This subsection describes, by way of example, details of a tunnel type of imager-based optical code reader 280. FIG. 38 is an isometric view of a tunnel embodiment of the optical code reader 280 capable of capturing multiple views of an object 20 (not shown) from different perspectives as it passes through a composite view volume. The optical code reader 280 includes a top imaging unit 282, two side imaging units 284a and 284b (generically or collectively, side imaging unit 284), and a bottom imaging unit 286. Each of the imaging units includes one or more sets of imagers having respective field of views and being positioned to capture different perspective views of an object in the composite view volume, which includes all of the individual view volumes formed from respective perspectives. The optical code reader 280 may provide improved performance in terms of FPRR regardless of the placement or orientation of an object to be read. Many of the imagers are placed along folded image paths to reduce the size of the optical code reader 280 with respect to an optical code reader using direct-perspective imagers that would need to be relatively far away from the object to produce a similarly sized composite view volume, thereby requiring such a direct-perspective optical code reader to have an optical reader housing of an impractically large design.

FIGS. 39 and 40 are isometric views of the top imaging unit 282 showing respective leading and trailing view volumes, and FIG. 41 is a side view of the top imaging unit 282. The top imaging unit 282 may contain one or more imagers 340ab and corresponding image paths 342a and 342b. The top imaging unit 282 may also contain one or more imagers 340cd and corresponding image paths 342c and 342d. The top imagers 340ab and 340cd are oriented in opposite directions. The top imagers 340ab and 340cd may be used in any numerical combination. The top imagers 340ab and 340cd may be positioned in an alternating arrangement, or a set of two or more of either of the top imagers 340ab or 340cd may be located next to each other so that adjacent imagers 340 can be supported by a common circuit board. In one embodiment (depicted in FIG. 39), two top imagers 340cd are adjacent and bilaterally central while two top imagers 340ab are toward opposite ends of the top imaging unit 282. In such embodiment, the imagers 340cd can be supported by a common circuit board.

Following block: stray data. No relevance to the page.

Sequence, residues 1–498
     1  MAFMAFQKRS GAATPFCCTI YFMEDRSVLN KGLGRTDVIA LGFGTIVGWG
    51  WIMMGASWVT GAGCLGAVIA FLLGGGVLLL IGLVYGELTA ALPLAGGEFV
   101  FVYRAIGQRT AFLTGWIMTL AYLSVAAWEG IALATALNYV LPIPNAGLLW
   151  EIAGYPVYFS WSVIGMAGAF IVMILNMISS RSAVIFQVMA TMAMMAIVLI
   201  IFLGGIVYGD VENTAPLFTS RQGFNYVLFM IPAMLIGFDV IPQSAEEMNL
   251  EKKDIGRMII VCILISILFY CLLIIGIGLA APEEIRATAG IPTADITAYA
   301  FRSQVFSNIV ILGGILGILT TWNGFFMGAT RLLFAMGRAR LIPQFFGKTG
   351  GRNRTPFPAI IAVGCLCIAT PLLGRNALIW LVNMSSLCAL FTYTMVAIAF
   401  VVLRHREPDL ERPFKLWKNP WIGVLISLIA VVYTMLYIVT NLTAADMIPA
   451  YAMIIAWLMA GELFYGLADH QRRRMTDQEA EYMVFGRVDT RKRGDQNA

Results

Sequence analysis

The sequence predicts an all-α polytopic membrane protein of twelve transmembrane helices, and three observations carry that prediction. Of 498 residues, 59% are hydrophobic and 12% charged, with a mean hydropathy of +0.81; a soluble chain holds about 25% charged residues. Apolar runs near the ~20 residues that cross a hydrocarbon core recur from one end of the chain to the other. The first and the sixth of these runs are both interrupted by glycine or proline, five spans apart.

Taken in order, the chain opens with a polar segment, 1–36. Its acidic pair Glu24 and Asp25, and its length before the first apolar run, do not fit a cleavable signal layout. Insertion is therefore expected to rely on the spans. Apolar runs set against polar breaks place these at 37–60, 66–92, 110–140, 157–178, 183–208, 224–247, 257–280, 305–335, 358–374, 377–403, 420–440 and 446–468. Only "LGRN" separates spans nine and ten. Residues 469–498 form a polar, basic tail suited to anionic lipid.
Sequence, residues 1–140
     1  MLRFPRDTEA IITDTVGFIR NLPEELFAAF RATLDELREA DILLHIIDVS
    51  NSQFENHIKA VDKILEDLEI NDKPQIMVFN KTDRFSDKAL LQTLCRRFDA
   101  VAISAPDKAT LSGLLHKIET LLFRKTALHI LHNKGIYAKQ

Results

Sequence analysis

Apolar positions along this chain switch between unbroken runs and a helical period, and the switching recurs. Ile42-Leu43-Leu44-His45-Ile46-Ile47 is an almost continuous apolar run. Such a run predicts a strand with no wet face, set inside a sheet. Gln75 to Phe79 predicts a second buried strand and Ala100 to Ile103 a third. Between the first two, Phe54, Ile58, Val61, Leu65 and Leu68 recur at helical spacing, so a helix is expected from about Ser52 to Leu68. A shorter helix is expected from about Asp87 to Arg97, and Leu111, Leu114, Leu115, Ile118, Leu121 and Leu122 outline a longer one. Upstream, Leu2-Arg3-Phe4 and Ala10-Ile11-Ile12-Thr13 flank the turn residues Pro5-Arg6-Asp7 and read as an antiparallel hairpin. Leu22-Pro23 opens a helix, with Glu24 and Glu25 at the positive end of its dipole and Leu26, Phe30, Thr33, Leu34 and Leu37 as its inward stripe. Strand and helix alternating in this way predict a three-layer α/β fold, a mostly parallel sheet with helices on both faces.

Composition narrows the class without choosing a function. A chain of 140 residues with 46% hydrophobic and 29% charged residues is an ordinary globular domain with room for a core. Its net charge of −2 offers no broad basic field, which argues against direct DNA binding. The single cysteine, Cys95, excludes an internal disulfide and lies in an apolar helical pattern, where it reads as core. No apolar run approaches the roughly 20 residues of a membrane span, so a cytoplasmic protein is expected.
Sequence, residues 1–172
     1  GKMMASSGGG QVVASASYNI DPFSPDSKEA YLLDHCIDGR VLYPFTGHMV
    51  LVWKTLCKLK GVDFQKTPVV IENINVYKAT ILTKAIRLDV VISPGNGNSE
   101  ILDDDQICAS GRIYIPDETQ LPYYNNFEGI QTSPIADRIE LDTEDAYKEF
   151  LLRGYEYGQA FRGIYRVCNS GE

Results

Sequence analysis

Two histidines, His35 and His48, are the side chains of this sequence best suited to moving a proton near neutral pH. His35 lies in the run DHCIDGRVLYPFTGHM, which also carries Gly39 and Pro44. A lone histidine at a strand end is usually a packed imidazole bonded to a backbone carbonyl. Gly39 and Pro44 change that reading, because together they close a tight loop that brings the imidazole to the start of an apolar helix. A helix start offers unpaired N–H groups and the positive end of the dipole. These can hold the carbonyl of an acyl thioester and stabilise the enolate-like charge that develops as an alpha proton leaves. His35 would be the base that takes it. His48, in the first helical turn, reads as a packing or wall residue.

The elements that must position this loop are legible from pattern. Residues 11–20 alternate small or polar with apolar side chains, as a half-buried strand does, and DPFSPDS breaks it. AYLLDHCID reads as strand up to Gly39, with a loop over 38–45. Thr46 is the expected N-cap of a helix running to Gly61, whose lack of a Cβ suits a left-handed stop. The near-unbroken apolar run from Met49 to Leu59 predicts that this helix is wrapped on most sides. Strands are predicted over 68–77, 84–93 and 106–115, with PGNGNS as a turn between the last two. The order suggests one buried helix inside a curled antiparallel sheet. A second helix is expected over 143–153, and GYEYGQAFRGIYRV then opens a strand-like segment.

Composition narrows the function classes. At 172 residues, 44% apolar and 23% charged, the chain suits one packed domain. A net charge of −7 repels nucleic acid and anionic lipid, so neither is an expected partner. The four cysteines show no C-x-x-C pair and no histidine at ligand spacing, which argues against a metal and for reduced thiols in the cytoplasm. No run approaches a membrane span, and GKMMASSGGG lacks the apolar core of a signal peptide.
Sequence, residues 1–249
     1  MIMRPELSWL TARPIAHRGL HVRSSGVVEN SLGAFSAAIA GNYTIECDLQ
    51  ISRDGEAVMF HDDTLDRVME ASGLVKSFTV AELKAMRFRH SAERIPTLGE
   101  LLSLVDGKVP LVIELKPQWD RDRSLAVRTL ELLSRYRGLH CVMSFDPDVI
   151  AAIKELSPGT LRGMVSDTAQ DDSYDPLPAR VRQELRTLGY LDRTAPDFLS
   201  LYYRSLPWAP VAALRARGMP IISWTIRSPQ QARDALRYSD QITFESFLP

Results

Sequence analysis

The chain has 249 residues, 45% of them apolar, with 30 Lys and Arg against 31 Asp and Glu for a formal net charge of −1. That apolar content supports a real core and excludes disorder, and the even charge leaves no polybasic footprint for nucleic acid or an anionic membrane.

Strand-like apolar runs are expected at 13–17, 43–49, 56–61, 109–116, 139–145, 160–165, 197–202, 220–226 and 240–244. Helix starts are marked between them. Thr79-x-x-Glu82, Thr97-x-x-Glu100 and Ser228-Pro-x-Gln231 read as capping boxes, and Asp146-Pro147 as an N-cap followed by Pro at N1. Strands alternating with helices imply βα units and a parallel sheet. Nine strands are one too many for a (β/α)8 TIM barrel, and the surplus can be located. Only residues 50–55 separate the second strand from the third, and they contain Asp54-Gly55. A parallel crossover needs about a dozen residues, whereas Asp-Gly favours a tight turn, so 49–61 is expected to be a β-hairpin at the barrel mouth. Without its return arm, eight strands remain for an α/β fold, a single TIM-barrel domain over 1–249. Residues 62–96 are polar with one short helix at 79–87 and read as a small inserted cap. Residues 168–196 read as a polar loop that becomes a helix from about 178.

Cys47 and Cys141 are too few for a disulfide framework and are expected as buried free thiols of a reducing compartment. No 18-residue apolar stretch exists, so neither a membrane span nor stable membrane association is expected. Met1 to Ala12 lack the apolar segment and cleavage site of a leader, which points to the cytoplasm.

With reference to FIG. 39-41, an image of an object (not shown) in the view volume 334a, captured from the top perspective and propagated through a window or a top transparent plate 352ac along a first image path segment 342a1, is reflected by a primary mirror 330a1 along a second image path segment 342a2 to a secondary mirror component 330a2 of a compound mirror structure 330ab2 which reflects the image along a third image path segment 342a3 to a tertiary two-region mirror 330ab3 which reflects the image along a fourth image path segment 342ab4 to the imager 340ab that may be supported on or integrated with a PCB (not shown) located in a housing of the top imaging unit 282.

On the other hand, an image of an object (not shown) in the view volume 334c, captured from the top perspective and propagated through a window or the top transparent plate 352ac along a first image path segment 342c1, is reflected by a primary mirror 330c1 along a second image path segment 342c2 to a secondary mirror component 330c2 of a compound mirror structure 330cd2 which reflects the image along a third image path segment 342c3 to a tertiary two-region mirror 330cd3 which reflects the image along a fourth image path segment 342cd4 to the imager 340cd that may be supported on or integrated with a PCB located in a housing of the top imaging unit 282.